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In 2012, Queen Beatrix II opened the EYE Filmmuseum. The completion of this monolithic building immediately altered Amsterdam-Noord’s urban landscape and effectively introduced postmodernism into its architectural vocabulary.
Structurally, The EYE Filmmuseum is a masterpiece. Its exterior appears to change according to an onlooker’s line of sight, and successfully creates the semblance of movement – an illusion that is created by its outer walls’ sloping spires and gradual inclines. These peculiar geometrical motifs are exceptionally effective, and form an outstanding, multi-faceted silhouette comparable to Prague’s Dancing House or Bilbao’s Guggenheim Museum.
The EYE Filmmuseum was designed to satisfy demand for cultural enhancement; before its construction, Amsterdam’s northern shoreline was mainly associated with shipping and industry. These activities shaped the area’s civic appearance and encouraged the development of countless warehouses, factories and plants. The EYE Filmmuseum’s presence significantly modified this winding dockland’s geography and completely reshaped its skyline, producing an unusual urban pastiche that fuses industrial aesthetics with avant-garde architecture. The EYEFilmmuseum building was designed by the Viennese firm Delugan Meissl Associated Architects.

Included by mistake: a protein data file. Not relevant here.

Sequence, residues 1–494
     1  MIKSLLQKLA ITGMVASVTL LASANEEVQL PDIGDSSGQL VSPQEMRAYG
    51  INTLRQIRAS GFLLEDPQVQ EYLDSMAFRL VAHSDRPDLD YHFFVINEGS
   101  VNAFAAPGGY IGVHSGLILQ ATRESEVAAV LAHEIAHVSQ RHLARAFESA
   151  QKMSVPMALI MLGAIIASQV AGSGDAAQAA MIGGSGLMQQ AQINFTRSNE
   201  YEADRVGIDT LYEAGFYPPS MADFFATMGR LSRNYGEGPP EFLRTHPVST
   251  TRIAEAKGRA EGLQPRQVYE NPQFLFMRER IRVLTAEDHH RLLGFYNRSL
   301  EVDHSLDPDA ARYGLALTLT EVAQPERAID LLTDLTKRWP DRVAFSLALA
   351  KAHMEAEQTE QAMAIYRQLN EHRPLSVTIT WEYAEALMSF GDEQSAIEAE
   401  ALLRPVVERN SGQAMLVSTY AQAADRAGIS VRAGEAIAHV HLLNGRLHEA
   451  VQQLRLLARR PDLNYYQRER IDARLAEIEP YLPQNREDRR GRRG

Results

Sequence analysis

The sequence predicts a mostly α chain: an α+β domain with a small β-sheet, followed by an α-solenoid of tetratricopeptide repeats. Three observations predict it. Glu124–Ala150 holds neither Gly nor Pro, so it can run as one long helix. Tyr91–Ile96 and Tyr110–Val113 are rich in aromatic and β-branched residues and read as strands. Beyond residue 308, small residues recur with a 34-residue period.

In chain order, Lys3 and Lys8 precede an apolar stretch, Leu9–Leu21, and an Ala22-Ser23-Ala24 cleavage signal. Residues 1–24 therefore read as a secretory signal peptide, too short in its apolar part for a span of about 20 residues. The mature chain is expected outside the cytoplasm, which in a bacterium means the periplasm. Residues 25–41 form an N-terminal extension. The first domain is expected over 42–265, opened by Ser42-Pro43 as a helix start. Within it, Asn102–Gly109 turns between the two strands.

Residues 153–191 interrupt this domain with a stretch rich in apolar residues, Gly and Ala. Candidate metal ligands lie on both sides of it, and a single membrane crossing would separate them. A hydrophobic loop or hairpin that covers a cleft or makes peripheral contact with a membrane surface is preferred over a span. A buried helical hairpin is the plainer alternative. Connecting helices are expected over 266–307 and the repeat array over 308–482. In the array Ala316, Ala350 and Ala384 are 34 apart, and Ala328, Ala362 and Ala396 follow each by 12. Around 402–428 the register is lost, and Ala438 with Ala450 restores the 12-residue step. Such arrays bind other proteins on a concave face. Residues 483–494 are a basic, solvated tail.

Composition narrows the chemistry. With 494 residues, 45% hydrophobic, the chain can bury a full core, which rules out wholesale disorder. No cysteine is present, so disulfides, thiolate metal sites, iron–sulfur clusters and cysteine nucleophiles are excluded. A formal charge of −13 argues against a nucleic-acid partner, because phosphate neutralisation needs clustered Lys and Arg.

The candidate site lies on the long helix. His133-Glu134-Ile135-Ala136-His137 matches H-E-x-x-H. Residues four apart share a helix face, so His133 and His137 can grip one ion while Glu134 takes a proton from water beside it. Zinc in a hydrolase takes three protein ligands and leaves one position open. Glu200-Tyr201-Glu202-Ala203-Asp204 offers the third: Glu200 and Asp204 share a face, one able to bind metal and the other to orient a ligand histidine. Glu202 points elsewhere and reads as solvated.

Large parts of the EYE Filmmuseum were constructed for archival purposes, and its lower levels contain a massive collection of cinematographic artifacts. This material dates back to 1895 and includes the earliest examples of Dutch cinema.
There are four modern cinemas enclosed inside of the EYE Filmmuseum’s eastern steeple. These theatres are actually suspended 20m (65.6 ft.) above ground level and hang over the building’s main structure.
As a museum, the EYE Filmmuseum is dedicated to participation, and regularly hosts large exhibitions that focus on a specific aspect of film theory or history. Over the past five years, the EYE Filmmuseum has also held several impressive temporary exhibitions that examine the process behind groundbreaking cinematographers’ work. New Dutch releases generally debut at the EYE Filmmuseum, and the cinema’s programme usually features a mix of mainstream, classic, and arthouse cinema – making it among the best places to watch a film in the Netherlands.
📅 Sunday to Thursday, 10am–10pm, Friday to Saturday, 10am–11pm